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Chapter: Microbiology and Immunology: Virology, Virus: Rhabdoviruses

Epidemiology - Rabies Virus

Rabies is a recognized zoonotic disease worldwide.


Rabies is a recognized zoonotic disease worldwide.

 Geographical distribution

Rabies has been recognized for over 4000 years. Today it is found in most countries, except many Australian islands, Great Britain, Japan, Hawaii, and most of the Caribbean islands. The risk of rabies is highest in countries with hyperendemic canine rabies, including most of Asia, Africa, and Latin America.

Rabies is endemic in India. It has been estimated that more than 30,000 people die of rabies in India every year. More than 70,000 people in India receive antirabies vaccination per year. With the dog population of over 16 million, the problem of rabies is huge. The virus is usually transmitted from a rabid animal to humans mostly by bites or other forms of traumatic contacts.

 Reservoir, source, and transmission of infection

Rabies is a zoonotic disease. Dogs are the important reservoir of infection. Other animal reservoirs include silver-haired bats, eastern pipistrella, raccoons, skunks, foxes, or cats, ferrets, cattle, opossums, fowl, etc. Foxes are more infectious than dogs and other animals, because larger amounts of virus (up to 106 infectious doses/mL) are present in their saliva.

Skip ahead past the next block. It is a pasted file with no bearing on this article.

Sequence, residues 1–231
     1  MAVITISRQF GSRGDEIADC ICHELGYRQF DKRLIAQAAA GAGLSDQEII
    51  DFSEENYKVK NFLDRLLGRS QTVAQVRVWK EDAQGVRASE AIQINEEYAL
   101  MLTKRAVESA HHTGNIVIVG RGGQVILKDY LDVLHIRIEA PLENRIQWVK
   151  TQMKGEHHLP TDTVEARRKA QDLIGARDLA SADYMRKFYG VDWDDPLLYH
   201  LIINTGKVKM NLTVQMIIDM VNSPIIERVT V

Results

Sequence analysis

The virus is excreted in saliva of infected dogs, foxes, wolves, jackals, vampire bats, raccoons, and skunks. The virus is found in the salivary gland of these infected animals. Infected saliva or infected CNS tissue, including corneal transplants in humans, are the sources of infection. The virus is transmitted to humans by following ways:

·           Bite of a rabid dog or other infected animals is the main route of transmission of infection.

·           Contact of saliva with broken skin or with mucous mem-branes, exposure to aerosolized secretions from an infected animal, and contact with unpasteurized milk from dairies are very uncommon modes of transmission.

·           Corneal transplants: The only documented cases of rabies caused by human-to-human transmission occurred in eight recipients of transplanted corneas. Currently, donated cor-neas are not accepted if the donor died from encephalitis that may be consistent with rabies. In India, few such cases have also been documented.

With the exception of corneal transplants, man-to-man infec-tion is rare.

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